Recently, glyoxylic acid has been used in hair-straightening products as a potentially safer alternative to formaldehyde. However, anecdotal reports hint that these products may be associated with kidney injuries. For example, a recent study of 26 patients in Israel with kidney injury found that eleven had used products containing derivatives of glycolic acid, a chemical that is broken down into glyoxylic acid in the liver. 

To better understand the association between glyoxylic acid and kidney damage, doctors involved in the recent case conducted a lab experiment with mice. They applied the straightening product used at the woman's salon, which contained 10% glyoxylic acid, to the backs of five mice. They then repeated the same procedure using petroleum jelly on another five mice, which acted as a comparison group.

Close-up image of a transparent, unlabelled bottle of fluorescent green antifreeze being poured into a car engine

The crystals found in the urine of the mice resembled those seen in patients who have been drinking ethylene glycol, a toxic alcohol found in products like antifreeze (pictured).  (Image credit: ronstik via Getty Images)

The next day, the doctors found that the glyoxylic acid mice carried "elongated" crystals of a chemical compound called calcium oxalate monohydrate in their urine, while the petroleum-jelly group did not. 

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"It's known that humans metabolize glyoxylic acid to oxalic acid, which binds calcium to form calcium oxalate crystals," John Bucher, a retired senior scientist at the U.S. National Institutes of Health (NIH), who was not involved in the report, told Live Science in an email. "If these accumulate to sufficiently high levels they can cause damage to the kidney and result in the symptoms reported," Bucher said. 

The crystals in the mouse urine resembled those seen in people who have ingested the toxic alcohol ethylene glycol, which is found in many household and industrial products, including antifreeze.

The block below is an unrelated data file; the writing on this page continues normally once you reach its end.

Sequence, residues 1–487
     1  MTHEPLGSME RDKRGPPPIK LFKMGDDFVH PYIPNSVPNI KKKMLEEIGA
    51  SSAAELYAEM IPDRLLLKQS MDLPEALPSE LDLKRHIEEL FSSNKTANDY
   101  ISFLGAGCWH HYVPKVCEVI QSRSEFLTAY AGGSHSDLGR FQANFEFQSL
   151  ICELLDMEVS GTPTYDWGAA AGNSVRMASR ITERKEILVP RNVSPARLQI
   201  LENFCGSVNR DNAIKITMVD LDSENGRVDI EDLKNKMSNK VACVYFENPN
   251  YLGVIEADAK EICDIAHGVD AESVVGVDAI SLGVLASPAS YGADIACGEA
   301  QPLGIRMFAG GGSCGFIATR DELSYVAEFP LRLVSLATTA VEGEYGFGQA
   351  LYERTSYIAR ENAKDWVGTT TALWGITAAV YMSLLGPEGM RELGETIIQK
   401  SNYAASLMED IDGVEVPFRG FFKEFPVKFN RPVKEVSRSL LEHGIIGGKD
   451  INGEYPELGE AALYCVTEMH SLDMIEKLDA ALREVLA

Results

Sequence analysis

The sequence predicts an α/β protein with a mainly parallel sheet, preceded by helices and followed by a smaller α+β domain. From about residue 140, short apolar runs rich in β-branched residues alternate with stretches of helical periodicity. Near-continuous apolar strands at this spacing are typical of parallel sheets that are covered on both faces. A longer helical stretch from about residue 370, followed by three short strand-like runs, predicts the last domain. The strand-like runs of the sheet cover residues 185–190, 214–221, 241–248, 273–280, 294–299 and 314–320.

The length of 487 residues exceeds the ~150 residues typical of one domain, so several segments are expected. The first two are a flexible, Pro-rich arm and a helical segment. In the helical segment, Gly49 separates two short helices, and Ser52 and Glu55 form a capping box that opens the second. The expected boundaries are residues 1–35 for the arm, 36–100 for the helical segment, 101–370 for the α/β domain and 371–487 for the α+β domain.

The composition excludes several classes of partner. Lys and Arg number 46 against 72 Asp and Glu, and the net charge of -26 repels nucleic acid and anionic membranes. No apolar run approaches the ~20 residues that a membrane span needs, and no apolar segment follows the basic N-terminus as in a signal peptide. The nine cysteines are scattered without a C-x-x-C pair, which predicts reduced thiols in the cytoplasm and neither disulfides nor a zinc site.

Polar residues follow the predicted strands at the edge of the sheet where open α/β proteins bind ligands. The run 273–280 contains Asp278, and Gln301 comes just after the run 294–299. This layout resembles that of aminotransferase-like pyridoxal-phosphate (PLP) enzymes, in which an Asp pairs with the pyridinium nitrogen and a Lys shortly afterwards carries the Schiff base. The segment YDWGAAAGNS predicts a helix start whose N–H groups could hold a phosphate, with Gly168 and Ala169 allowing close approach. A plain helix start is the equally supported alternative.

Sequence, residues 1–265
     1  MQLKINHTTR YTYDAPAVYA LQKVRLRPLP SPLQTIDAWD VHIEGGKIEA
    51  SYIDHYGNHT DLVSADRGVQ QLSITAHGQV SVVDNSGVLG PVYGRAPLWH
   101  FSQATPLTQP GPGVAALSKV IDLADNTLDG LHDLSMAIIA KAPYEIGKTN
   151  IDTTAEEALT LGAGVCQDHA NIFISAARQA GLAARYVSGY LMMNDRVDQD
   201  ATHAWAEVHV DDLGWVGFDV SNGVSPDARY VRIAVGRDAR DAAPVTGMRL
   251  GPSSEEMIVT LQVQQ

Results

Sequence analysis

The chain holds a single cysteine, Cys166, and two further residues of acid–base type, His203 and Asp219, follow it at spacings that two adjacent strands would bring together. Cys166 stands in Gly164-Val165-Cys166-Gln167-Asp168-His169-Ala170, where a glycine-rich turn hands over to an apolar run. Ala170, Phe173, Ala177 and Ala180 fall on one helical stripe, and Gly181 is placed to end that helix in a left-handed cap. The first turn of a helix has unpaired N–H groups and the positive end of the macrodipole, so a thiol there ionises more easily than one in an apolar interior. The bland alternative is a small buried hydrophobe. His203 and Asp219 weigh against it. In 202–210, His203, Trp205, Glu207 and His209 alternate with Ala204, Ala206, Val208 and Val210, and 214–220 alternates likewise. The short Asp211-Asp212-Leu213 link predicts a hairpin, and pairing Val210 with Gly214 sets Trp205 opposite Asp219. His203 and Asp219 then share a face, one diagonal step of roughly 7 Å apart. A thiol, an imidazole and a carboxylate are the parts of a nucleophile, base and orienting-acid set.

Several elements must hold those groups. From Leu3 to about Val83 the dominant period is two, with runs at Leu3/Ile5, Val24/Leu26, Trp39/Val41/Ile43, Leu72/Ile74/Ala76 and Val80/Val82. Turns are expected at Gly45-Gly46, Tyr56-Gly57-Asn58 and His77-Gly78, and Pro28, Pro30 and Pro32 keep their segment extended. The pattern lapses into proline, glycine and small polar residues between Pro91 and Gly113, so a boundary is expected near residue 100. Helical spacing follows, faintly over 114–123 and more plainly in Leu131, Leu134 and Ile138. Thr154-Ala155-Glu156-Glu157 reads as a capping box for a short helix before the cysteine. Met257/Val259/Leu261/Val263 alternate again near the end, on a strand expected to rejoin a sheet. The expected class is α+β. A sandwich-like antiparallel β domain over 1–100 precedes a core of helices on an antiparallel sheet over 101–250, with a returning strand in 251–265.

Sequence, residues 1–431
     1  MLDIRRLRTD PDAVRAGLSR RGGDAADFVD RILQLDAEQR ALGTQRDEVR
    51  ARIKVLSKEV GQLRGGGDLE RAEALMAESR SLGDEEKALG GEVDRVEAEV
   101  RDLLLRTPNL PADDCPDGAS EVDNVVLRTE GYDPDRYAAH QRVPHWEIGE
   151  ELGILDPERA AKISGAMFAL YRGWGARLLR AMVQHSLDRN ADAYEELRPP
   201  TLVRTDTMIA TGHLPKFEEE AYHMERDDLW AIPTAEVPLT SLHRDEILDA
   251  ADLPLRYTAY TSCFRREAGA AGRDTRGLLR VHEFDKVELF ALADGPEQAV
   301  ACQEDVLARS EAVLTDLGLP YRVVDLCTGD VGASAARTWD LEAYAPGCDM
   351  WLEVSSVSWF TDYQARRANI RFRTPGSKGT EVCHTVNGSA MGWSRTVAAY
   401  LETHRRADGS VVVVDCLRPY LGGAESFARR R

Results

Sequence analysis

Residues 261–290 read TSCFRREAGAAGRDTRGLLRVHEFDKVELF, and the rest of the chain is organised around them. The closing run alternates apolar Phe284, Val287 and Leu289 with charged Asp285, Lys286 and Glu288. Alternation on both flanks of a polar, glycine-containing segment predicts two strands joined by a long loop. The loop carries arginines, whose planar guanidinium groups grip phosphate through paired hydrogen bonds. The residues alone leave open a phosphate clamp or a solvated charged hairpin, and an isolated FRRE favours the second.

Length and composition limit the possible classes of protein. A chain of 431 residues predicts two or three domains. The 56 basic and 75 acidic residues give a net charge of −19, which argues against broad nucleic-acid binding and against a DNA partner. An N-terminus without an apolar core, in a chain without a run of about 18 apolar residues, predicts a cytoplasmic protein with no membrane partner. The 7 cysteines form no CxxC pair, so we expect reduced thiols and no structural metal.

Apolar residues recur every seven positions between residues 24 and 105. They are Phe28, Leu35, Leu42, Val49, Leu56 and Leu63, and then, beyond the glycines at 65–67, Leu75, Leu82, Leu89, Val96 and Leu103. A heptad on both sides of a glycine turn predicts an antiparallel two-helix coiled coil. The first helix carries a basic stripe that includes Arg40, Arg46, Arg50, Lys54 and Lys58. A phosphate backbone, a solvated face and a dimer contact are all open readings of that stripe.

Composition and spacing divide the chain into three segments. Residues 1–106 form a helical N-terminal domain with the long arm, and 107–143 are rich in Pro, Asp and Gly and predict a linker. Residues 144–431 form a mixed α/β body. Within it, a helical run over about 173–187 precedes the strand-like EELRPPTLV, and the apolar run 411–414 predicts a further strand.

The mice exposed to the hair product also had "significantly" higher creatinine levels in their blood than the comparison mice within 28 hours of exposure. The exposed mice also had dense deposits of calcium oxalate monohydrate in their kidneys, unlike the petroleum jelly group, the researchers found. 

"These needle-shaped crystals can injure the kidney on a microscopic level, causing kidney failure in large enough poisonings," King said. 

In the recent case, the woman's kidney function improved "rapidly" after each salon visit, so in her case the effects seem short-lived. 

Nevertheless, the doctors who treated her believe the case should act as a warning of the potential dangers of using glyoxylic acid in hair-straightening or smoothing products. They said the products should be "avoided" and potentially "discontinued from the market." 

This article is for informational purposes only and is not meant to offer medical advice. 

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Emily Cooke
Staff Writer

Emily is a health news writer based in London, United Kingdom. She holds a bachelor's degree in biology from Durham University and a master's degree in clinical and therapeutic neuroscience from Oxford University. She has worked in science communication, medical writing and as a local news reporter while undertaking journalism training. In 2018, she was named one of MHP Communications' 30 journalists to watch under 30. (